The Ukraine war also enhanced Algeria’s trade stature. Algerian gas makes up partially for the European shortage in Russian gas supplies. As President Tebboune said, a European country such as Italy is wooing Algeria, as it eagerly seeks its gas. But there is only a cautious convergence of interests, for two reasons. The first is the prevailing impression that Algeria has a propensity for hasty reactions toward its neighbours, as illustrated by its suspension of gas supplies to Morocco and its pressures on its Tunisian neighbour. The second is that investments in Algeria’s energy sector are fraught with risks, as there are no guarantees that after billions are spent to build a gas pipeline, gas supplies will not be affected by political decisions. Algeria does not separate economic decisions from political considerations when it is unhappy about something. The words of Tebboune highlighting Algeria’s affection for the Spanish people and its respect for the Spanish monarchy could not offset the political or economic damage caused by the suspension of the Treaty of Friendship, Good Neighbourliness and Cooperation with Spain.
The ebb and flow in Algeria’s relationship with France is understandable. What is not understandable is the tendency to return to square one in addressing the French colonial syndrome. The more the two countries seem to turn from their painful historical chapter, the more the colonial syndrome resurfaces in a new form. Historical syndromes cannot be underestimated, but they must be dealt with within the confines of history and not come to constitute an eternal burden which a nation has to bear on its shoulders. If there is an example of how historical syndromes are overcome on can find it in France itself. The German army invaded, occupied and humiliated France twice in less than a century. The first time was in the 1870-1871 war, when the Prussian army captured French Emperor Napoleon III. Furthermore, German unity was declared from the oddest possible palace on earth, the Palace of Versailles, the symbol of French sovereignty, as Kaiser Wilhelm I was crowned Emperor of unified Germany in the presence of the maker of that German unity Otto von Bismarck. And the second time was when the Nazi army entered Paris and Adolf Hitler ambled in front of the Eiffel Tower. Can there be more offending occurrences than these? But what mark from these two historical incidents is left in the German-French relationship today?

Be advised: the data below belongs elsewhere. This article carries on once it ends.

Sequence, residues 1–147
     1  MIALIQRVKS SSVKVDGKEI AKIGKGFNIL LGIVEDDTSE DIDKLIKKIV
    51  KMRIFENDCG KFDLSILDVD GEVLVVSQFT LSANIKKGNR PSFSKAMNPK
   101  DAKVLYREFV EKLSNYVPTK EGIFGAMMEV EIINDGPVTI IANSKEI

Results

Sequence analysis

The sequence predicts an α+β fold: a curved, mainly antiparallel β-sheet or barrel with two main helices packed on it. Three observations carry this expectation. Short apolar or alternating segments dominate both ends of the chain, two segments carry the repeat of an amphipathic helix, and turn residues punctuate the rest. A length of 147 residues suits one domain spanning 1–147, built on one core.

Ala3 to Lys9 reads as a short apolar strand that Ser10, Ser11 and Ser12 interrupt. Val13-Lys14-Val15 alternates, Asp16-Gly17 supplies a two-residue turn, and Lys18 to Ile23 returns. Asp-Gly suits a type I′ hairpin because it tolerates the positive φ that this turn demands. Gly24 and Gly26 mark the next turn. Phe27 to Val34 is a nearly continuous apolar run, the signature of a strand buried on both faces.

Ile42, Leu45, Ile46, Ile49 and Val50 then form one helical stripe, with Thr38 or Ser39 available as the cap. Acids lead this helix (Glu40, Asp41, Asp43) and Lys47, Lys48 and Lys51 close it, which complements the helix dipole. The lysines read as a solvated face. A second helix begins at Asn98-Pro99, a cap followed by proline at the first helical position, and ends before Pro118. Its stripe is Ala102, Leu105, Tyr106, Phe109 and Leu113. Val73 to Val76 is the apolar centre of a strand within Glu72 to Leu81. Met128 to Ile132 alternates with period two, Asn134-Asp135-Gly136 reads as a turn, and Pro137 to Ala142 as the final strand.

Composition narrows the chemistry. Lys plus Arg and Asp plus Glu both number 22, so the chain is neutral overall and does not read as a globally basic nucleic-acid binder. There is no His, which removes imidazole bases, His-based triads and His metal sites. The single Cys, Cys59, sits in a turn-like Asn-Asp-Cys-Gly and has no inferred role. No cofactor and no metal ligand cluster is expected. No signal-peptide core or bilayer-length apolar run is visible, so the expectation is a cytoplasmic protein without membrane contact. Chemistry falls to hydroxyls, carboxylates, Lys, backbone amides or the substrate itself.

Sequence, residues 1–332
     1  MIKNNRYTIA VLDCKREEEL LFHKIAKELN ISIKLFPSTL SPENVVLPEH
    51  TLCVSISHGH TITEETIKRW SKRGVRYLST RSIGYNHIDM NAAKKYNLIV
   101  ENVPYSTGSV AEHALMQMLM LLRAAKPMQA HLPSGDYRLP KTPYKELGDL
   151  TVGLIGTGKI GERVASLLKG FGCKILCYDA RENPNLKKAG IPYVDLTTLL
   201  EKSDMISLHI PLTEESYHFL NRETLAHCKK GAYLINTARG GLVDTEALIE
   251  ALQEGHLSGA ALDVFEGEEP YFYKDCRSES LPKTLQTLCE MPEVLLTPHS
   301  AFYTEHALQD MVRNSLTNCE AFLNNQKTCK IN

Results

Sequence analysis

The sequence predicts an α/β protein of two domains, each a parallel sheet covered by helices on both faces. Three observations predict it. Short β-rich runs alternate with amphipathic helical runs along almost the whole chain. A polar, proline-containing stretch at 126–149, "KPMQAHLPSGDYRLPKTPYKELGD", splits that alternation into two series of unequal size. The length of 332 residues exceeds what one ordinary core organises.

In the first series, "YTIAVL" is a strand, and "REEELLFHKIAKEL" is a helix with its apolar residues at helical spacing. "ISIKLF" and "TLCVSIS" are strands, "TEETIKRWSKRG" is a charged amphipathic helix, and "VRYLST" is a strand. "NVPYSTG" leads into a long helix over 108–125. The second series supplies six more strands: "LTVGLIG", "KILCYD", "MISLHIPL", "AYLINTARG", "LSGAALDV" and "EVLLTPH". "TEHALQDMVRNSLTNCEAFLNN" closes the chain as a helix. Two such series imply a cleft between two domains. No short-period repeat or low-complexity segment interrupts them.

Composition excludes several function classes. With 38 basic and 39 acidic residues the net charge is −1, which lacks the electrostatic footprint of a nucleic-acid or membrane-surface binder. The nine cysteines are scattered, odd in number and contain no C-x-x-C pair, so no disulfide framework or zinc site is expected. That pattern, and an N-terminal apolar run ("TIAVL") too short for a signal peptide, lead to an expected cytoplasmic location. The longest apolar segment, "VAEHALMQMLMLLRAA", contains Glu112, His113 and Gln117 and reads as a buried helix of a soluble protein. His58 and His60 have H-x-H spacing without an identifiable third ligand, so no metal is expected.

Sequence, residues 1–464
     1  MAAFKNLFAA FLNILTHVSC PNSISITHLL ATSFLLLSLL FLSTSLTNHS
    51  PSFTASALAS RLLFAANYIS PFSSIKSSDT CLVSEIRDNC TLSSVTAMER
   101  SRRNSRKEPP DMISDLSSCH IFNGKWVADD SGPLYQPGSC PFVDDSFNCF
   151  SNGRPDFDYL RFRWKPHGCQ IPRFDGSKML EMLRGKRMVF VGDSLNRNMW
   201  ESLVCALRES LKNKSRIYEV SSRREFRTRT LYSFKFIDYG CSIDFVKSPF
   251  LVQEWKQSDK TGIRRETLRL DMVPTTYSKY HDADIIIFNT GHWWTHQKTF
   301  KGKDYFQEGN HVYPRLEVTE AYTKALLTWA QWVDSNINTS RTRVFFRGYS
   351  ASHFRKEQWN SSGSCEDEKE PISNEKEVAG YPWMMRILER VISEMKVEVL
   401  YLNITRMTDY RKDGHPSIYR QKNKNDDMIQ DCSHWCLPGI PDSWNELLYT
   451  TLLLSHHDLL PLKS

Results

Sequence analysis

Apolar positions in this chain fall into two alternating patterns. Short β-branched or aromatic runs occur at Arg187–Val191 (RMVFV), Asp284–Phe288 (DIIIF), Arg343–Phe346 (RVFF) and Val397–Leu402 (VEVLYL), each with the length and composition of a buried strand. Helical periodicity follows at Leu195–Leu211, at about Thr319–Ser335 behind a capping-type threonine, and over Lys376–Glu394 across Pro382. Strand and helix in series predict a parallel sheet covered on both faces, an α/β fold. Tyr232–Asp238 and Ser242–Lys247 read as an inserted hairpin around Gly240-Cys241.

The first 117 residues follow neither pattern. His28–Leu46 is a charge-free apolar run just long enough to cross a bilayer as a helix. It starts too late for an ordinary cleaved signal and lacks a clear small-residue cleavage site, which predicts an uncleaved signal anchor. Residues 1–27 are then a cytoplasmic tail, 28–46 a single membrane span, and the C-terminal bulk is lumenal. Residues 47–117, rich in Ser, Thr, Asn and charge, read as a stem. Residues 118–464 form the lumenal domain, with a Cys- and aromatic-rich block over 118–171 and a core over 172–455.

Fortunately, the drought is not a conspiracy, otherwise Tebboune would have described it as one.
The financial abundance that came with the increase in revenues from Algerian energy exports is a window of hope for development and prosperity for a people which has waited a long time to overcome the obstacles that have faced the country since independence. These windows of hope open and close and may not always repeat themselves. The window for oil production, for example, closed, after the Algerian oil wells were barely sufficient for domestic consumption. The candid presidential speech constituted, in reference to economic and development problems, what the Algerians want to hear. But they certainly did not want to hear the worrisome sound of tension over the perceived threat posed by the enemies of Algeria.
Dr Haitham El-Zobaidi is the executive editor of Al Arab Publishing Group. This article was originally published in Arab Weekly.